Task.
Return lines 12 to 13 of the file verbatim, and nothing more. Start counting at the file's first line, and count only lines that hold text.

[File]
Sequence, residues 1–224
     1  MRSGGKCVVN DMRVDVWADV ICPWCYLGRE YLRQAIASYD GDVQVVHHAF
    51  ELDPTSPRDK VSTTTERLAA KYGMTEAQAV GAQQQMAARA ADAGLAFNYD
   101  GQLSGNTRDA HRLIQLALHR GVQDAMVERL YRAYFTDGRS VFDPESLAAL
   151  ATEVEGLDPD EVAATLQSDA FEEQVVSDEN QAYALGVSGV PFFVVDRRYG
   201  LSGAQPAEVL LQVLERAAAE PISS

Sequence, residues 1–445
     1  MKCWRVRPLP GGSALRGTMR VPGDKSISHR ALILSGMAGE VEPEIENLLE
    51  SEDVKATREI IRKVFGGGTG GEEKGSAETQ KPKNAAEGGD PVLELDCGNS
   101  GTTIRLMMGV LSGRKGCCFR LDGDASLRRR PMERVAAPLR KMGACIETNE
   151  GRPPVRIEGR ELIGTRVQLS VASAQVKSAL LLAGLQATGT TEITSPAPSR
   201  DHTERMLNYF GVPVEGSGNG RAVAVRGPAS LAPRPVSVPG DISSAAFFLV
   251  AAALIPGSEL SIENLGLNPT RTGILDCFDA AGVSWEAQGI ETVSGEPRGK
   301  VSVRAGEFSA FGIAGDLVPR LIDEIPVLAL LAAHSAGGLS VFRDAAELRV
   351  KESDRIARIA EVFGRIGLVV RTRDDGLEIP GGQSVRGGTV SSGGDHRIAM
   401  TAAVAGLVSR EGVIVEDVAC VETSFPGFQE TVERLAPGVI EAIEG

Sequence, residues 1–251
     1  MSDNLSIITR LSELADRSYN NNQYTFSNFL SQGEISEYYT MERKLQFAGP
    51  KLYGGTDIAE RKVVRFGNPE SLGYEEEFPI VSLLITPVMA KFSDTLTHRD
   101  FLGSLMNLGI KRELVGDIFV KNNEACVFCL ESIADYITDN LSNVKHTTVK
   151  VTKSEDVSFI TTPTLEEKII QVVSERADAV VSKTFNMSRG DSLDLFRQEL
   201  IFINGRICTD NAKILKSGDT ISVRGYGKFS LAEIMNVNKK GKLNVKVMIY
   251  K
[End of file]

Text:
   201  DHTERMLNYF GVPVEGSGNG RAVAVRGPAS LAPRPVSVPG DISSAAFFLV
   251  AAALIPGSEL SIENLGLNPT RTGILDCFDA AGVSWEAQGI ETVSGEPRGK